Our core work is centred on a holistic, rights-based programme to address the needs of marginalised women in conflictaffected countries around the world. We have tested and evolved our approach to fit the needs of women who have been denied access to education, have been affected by conflict and who seek inclusion and recovery. Our programme equips women with skills and resources to earn and save money, regain their confidence and actively participate in their communities. Women for Women International’s yearlong investment in individual women includes: building knowledge in areas such as the value of women’s work, basic health education and rights information; skill development in numeracy, business skills and chosen vocational skill; resource provision through a monthly cash transfer and referrals to health and legal services; and connections to other women by training them in a safe space, in groups of 25, where they can form a tight support group that helps to break the isolation caused by war and insecurity. “After learning about my rights, I started caring about my rights at home and I really understood that nobody can give you rights—you have to claim them yourself.” Euphraise, Rwandan graduate

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We see sustainable change for the women we serve in four key outcome areas: earning and saving money; developing health and well-being; influencing decisions; and connecting to networks.

Responding to the Syrian crisis In response to the ongoing crisis in the region, we are working with local women’s organisations in Northern Iraq to support Syrian and Yezidi women who have been forced to flee their homes as a result of conflict. We are supporting programmes that help displaced Syrian and Yezidi women overcome severe emotional trauma, teach them about their rights, acquire new business and vocational skills, and form networks for support and advocacy. Over the next three years, we will enable 3,000 Syrian and Yezidi women to access psychosocial support services, and life and business skills training to help them overcome trauma and find the resources needed to rebuild their lives.

This progress is highlighted by the following indicators (global averages):1 At enrolment (2012)

Women participants who report average personal earnings of at least $1.25 per day (in current USD)

Women who report practicing nutrition planning2

Women who report attending community activities in the past 12 months3

Photo: Alison Baskerville

Since 1993, Women for Women International has worked with more than 447,000 marginalised women survivors of war in Afghanistan, Bosnia and Herzegovina, the DRC, Kosovo, Iraq, Nigeria, Rwanda and South Sudan. We were founded on the belief that stronger women build stronger nations.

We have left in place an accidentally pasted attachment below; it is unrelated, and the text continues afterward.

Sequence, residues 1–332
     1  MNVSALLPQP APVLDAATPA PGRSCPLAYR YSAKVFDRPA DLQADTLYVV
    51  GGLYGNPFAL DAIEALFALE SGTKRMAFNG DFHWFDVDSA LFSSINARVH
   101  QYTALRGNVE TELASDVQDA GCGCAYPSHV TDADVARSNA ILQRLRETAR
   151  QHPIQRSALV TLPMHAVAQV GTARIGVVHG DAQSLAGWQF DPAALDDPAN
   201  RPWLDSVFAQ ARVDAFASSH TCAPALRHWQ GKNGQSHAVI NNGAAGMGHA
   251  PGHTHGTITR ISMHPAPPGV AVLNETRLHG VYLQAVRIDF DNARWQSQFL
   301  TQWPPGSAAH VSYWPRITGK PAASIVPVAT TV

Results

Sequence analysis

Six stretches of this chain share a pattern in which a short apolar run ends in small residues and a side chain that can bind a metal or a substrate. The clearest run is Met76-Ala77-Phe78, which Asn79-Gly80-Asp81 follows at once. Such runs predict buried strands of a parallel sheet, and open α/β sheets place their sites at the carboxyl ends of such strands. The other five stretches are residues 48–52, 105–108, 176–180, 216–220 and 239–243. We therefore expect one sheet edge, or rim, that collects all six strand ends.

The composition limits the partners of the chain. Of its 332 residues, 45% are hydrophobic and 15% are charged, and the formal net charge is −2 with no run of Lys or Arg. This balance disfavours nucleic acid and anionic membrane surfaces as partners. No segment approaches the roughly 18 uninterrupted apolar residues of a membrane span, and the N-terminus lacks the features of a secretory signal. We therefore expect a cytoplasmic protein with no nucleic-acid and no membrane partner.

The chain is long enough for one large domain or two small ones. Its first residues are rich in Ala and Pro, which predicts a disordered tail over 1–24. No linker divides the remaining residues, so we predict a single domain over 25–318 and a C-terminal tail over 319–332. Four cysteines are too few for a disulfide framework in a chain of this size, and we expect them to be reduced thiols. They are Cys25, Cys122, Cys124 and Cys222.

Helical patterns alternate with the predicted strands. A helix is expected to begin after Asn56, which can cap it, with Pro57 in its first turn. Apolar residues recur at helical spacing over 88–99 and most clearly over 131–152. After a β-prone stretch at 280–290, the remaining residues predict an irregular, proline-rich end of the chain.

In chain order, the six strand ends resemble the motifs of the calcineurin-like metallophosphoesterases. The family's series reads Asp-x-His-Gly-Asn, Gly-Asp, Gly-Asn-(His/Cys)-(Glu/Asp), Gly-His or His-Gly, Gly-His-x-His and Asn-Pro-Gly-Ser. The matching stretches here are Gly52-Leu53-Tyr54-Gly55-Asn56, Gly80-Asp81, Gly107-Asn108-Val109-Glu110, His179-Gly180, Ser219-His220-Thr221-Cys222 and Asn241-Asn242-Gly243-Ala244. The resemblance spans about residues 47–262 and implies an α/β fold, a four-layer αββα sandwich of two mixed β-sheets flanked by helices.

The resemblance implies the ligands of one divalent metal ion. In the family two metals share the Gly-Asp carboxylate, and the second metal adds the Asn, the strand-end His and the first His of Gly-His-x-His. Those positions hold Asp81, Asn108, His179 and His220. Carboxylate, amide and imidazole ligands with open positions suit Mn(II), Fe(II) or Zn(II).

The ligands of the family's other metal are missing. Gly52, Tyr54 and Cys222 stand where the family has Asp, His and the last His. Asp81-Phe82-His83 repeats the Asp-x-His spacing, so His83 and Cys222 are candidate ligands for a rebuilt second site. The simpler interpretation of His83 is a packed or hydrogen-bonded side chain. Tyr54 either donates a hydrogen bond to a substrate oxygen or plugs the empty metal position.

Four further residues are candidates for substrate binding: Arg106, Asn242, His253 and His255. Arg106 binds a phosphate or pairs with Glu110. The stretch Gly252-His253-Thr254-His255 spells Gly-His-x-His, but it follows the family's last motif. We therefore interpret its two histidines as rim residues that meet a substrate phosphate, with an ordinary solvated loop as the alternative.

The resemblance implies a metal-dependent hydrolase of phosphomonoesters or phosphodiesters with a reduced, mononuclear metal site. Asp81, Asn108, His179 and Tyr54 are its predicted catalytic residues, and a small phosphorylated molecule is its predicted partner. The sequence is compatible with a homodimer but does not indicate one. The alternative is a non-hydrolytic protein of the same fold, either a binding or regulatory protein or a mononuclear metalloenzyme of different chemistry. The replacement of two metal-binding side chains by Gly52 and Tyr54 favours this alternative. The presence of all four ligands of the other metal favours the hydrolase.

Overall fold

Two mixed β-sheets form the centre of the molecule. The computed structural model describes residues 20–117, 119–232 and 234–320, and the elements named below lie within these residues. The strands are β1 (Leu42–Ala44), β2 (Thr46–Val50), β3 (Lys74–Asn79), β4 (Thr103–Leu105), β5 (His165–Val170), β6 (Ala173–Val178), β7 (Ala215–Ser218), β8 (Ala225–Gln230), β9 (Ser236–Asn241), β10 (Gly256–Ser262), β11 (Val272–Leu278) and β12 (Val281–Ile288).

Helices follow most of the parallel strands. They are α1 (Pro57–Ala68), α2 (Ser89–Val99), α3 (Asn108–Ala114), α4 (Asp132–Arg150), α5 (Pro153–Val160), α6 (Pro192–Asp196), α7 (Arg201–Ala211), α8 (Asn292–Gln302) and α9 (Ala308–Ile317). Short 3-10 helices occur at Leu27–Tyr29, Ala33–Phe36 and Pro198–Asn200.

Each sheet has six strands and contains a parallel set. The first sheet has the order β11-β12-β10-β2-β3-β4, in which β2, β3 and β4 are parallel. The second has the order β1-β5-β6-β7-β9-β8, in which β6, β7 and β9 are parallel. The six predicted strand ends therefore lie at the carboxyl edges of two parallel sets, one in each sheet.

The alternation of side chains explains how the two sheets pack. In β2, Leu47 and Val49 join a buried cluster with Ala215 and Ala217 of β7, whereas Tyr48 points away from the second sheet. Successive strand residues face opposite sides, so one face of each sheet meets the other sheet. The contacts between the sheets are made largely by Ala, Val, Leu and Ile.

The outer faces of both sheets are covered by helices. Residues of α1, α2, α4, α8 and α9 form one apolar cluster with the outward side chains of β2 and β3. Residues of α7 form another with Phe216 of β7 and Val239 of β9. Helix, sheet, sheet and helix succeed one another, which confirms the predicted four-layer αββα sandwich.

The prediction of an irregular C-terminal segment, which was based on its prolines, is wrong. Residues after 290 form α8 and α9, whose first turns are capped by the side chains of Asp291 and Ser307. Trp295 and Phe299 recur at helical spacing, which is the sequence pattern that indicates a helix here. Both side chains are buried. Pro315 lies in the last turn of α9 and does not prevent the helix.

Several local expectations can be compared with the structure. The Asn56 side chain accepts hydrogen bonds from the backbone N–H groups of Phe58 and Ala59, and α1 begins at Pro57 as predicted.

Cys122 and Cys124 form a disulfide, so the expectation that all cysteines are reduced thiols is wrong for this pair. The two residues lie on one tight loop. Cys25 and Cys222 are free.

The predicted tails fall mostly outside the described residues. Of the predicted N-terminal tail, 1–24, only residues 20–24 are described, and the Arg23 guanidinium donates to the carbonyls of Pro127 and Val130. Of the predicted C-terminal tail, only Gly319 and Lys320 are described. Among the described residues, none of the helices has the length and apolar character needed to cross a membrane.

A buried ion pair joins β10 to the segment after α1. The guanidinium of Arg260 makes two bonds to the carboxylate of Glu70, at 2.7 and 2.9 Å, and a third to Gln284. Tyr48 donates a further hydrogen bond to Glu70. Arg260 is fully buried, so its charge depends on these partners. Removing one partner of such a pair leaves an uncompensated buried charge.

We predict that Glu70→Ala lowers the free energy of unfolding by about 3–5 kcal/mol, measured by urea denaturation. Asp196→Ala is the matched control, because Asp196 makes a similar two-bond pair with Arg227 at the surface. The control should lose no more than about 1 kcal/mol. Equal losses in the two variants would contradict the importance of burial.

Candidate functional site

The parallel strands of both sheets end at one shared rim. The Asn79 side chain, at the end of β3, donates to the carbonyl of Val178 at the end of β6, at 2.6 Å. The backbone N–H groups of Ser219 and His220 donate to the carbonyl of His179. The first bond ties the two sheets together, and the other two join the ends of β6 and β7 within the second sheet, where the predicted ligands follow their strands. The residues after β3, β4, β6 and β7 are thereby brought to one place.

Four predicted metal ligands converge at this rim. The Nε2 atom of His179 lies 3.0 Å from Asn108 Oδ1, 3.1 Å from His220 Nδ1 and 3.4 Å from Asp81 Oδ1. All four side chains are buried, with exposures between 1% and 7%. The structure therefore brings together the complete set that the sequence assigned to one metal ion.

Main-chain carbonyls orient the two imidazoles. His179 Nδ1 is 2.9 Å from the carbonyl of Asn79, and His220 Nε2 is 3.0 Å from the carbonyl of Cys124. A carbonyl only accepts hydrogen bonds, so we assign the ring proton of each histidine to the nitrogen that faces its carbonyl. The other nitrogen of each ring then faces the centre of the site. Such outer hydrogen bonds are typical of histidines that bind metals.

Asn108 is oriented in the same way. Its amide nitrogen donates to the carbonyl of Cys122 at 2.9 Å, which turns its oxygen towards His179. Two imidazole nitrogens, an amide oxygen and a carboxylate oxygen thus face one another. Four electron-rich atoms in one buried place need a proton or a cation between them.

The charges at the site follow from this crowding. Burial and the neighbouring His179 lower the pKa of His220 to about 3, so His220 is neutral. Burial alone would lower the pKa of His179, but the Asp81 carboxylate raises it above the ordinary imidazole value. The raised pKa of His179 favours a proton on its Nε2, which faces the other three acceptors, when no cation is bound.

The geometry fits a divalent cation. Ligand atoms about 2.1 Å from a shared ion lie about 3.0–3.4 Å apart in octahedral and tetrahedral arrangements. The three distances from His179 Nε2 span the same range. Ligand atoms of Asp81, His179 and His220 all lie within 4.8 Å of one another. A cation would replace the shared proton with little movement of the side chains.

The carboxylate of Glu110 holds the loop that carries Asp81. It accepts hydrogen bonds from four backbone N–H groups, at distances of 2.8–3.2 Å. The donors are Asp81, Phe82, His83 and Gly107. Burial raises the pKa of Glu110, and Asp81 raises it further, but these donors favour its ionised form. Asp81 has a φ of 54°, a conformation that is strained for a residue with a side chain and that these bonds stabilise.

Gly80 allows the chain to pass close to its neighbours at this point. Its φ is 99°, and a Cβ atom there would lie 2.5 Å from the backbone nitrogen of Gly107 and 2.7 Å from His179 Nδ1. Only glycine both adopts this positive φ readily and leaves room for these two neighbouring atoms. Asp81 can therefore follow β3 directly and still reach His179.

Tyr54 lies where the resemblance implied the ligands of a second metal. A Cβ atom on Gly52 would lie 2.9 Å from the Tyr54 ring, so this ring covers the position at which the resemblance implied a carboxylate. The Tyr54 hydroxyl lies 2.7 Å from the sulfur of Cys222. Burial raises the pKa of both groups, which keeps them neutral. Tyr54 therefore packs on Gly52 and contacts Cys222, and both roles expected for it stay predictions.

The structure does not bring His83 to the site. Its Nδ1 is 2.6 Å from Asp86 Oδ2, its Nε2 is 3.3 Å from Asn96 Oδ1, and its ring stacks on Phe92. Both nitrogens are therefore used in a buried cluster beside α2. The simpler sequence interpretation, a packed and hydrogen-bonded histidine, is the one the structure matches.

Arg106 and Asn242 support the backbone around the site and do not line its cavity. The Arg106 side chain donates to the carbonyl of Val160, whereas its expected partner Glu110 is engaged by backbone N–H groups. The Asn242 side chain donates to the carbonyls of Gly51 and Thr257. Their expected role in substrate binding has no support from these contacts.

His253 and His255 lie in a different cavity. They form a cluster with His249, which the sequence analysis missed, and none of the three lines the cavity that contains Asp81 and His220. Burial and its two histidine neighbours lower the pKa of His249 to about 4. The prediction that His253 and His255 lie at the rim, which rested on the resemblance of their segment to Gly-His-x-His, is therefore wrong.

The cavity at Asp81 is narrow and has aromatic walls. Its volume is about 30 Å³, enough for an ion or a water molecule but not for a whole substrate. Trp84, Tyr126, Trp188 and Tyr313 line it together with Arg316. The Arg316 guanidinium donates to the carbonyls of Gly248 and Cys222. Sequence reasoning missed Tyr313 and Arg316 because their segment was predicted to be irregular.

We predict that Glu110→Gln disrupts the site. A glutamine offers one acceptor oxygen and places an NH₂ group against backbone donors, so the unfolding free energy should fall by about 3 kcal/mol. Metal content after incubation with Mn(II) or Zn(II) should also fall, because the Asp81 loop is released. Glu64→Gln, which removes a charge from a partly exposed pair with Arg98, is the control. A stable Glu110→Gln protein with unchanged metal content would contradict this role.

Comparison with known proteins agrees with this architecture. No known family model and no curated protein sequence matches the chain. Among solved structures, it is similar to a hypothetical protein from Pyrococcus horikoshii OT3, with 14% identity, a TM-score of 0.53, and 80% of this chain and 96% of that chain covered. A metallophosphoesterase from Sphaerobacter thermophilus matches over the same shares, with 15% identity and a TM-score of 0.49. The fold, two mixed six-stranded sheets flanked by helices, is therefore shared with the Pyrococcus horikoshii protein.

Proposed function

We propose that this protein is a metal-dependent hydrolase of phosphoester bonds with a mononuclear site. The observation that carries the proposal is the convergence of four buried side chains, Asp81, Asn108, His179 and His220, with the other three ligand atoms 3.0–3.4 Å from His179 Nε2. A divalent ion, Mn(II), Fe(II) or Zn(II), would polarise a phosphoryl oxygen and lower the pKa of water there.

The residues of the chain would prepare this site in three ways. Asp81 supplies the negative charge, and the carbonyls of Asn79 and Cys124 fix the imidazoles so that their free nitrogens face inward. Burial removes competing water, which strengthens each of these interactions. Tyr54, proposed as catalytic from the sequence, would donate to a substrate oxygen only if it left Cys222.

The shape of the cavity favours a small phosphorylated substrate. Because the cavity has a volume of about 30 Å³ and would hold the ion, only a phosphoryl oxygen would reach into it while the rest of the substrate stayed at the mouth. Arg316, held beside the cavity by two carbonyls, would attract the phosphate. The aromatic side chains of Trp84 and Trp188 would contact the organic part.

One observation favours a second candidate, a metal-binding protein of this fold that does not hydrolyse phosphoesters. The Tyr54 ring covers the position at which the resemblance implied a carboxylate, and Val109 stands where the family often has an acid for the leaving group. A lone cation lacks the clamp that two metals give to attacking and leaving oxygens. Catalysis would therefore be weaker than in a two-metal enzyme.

Women who report educating another woman on her rights in the past 12 months4

At graduation (2013)

At 2 years after graduation (2015)

6%

35%

48%

34%

89%

97%

44%

90%

91%

7%

65%

83%

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As well as individual support, the women we work with need a more supportive environment to achieve sustainable change. By engaging men and male community leaders, we seek to address discrimination and promote opportunities for women. We have been a pioneer in men’s engagement activities aimed at targeting male community leaders and male family members of our women participants in Afghanistan, the DRC, Nigeria, South Sudan, Rwanda and Kosovo. We work with a variety of male leaders (e.g. traditional, military, or religious) and male family members of women participants, providing them with training in women’s rights and gender equality. Almost 14,000 men have been reached since we began this work in 2002. Our men’s engagement activities vary between countries, but generally involve

a ‘training of trainer’ approach, so that male community members are engaged by male decision makers. This also multiplies the reach of the initial training. We aim to raise their understanding of violence against women, the value of women’s work, girls’ education and women’s participation in community activities. In each country, men’s engagement activities and training content are tailored to the cultural and religious context. For example, in Afghanistan, male religious and community leaders, with their strong influence on community social norms and practices, are currently being trained on women’s rights in Islam, quoting verses from the Qur’an to underscore specific aspects of women’s rights.

Photo: Charles Lomodong

Working with men as allies

“Before, we did not give inheritance to our daughters or wives, but now we have learned that they are also part of our inheritance.” Male graduate from Afghanistan.

With support from the UK’s Foreign and Commonwealth Office, we recently revised and strengthened our monitoring and evaluation processes for our men’s engagement work. The results in Afghanistan are promising5:

Photo: Harvey, Custot

6%